Beauty is obviously an esthetic principle and more related to the arts. However, in the Greek consciousness beauty was often linked with goodness and could imply a moral beauty. Certainly to many the unnecessary violation of beauty would be a moral fault.
I have already discussed the importance of awareness in moral choice. The implication is also that greater awareness is a good so that whatever increases awareness is good. Joy is another term for happiness, which is the main goal of the ethical philosophy of Aristotle called Eudaimonism. Joy is experienced as good, and in Hinduism as ananda is part of the divine experience of sat chit ananda, which includes chit as consciousness or awareness and sat as truth or reality in the sense of being. Joy is an emotional good or pleasant experience. Happiness, bliss, or being blessed is sometimes referred to as the ultimate goal in life because it can be argued that all other goods are intended as a means to be happy, but only happiness is sought only for itself.
Wisdom implies even more than awareness in that it is a good and useful awareness. Wisdom is considered the virtue of the mind and can be defined as knowing and doing what is truly good. By power I do not mean any kind of power, but as a divine principle or universal value only that power which is used for good. Perhaps virtue might have been a better term. It is expressed by the Chinese concept de. As we shall see over and over again, power can be easily abused. However, power is valuable in its meaning as ability or potential. Yet because of the dangers of power being misused, in this work I am not going to consider it a universal value, but only as a relative value which may be good or bad depending on how it is used. The same is true of other values not included in these divine principles such as wealth, which may or may not be used well although generally it is good.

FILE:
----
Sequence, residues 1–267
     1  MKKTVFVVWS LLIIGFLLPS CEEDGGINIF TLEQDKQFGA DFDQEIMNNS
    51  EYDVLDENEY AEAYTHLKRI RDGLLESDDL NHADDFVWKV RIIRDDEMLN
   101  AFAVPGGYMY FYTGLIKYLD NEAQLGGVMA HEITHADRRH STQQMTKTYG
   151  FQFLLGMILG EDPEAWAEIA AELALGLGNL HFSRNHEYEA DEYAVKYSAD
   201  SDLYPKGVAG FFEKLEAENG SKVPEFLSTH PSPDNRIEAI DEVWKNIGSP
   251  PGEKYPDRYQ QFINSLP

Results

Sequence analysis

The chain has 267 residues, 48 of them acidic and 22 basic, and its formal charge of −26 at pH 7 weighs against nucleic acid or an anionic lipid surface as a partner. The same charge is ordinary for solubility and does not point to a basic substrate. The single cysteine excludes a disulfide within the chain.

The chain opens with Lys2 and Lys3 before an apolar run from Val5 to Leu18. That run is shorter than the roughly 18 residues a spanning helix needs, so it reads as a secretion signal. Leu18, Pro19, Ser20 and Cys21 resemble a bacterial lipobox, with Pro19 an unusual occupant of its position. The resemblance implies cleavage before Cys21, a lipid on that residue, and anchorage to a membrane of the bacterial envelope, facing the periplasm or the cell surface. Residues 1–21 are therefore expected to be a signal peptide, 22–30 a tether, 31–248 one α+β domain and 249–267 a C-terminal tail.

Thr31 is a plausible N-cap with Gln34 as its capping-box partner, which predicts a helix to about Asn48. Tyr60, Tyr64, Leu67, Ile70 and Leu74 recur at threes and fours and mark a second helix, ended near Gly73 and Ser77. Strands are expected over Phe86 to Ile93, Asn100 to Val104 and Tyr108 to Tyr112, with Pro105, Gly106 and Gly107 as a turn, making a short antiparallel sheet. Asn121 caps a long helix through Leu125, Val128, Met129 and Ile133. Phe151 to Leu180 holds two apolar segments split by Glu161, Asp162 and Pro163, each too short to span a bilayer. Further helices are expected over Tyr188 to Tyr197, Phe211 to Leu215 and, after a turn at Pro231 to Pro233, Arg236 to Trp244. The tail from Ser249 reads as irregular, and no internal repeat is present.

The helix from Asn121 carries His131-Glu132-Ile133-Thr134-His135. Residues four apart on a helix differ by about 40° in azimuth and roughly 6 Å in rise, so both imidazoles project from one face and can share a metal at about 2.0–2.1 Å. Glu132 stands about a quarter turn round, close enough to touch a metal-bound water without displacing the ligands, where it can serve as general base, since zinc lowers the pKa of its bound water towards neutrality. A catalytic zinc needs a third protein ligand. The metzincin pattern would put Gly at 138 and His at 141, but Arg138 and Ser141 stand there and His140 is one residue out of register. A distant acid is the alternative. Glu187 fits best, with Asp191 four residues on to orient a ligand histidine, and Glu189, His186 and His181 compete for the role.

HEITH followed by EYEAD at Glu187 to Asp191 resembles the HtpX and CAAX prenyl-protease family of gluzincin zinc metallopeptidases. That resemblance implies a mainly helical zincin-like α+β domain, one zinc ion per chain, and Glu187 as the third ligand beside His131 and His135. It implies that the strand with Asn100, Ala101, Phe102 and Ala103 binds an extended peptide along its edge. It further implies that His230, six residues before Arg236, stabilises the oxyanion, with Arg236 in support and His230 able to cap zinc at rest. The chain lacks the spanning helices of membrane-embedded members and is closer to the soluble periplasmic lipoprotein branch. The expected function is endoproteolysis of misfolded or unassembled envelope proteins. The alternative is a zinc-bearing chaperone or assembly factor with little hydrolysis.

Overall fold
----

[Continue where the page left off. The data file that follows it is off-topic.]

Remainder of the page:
Some virtues are also not included as universal values, because they may not always be beneficial in every situation. The virtues of courage, faith, and patience are usually good, but in some cases may be abused. Courage may be misapplied to killing in war, and although we may admire the courage we cannot condone the killing which violates the important principle of life. Similarly faith may become misguided, and patience may be an excuse for inaction.
Life is certainly a very basic and universal value, although growth and fruition while generally good may be inappropriate in some circumstances, just as the virtue of chastity may not always be beneficial. I think that reverence for life is extremely important because it also implies respect for freedom. Similarly health is a universal value we all want to enjoy without interference from others.
Creativity is a divine quality but may not be a universal value in that when it goes awry it can be destructive. Balance and harmony are also esthetic values which like beauty can be applied to social and ethical situations. However, there are times when the disruption of a seeming balance or harmony may be needed, though it could be argued that it would only be for the sake of a greater or truer harmony and balance. So I suppose these values are universal too.
Law, justice, and peace I think are quite important in social and political relations. Not all laws may be good of course, but the principle of law and its value as a means for regulating human interaction is probably necessary in a world where there must be some practical means of preventing and correcting harmful behavior. Justice is the higher principle here and most universal, and peace seems to be its result. Peace can also be found inwardly and is extremely valuable. Obviously peace at any price is not always beneficial. So at times we must return to the principle of justice.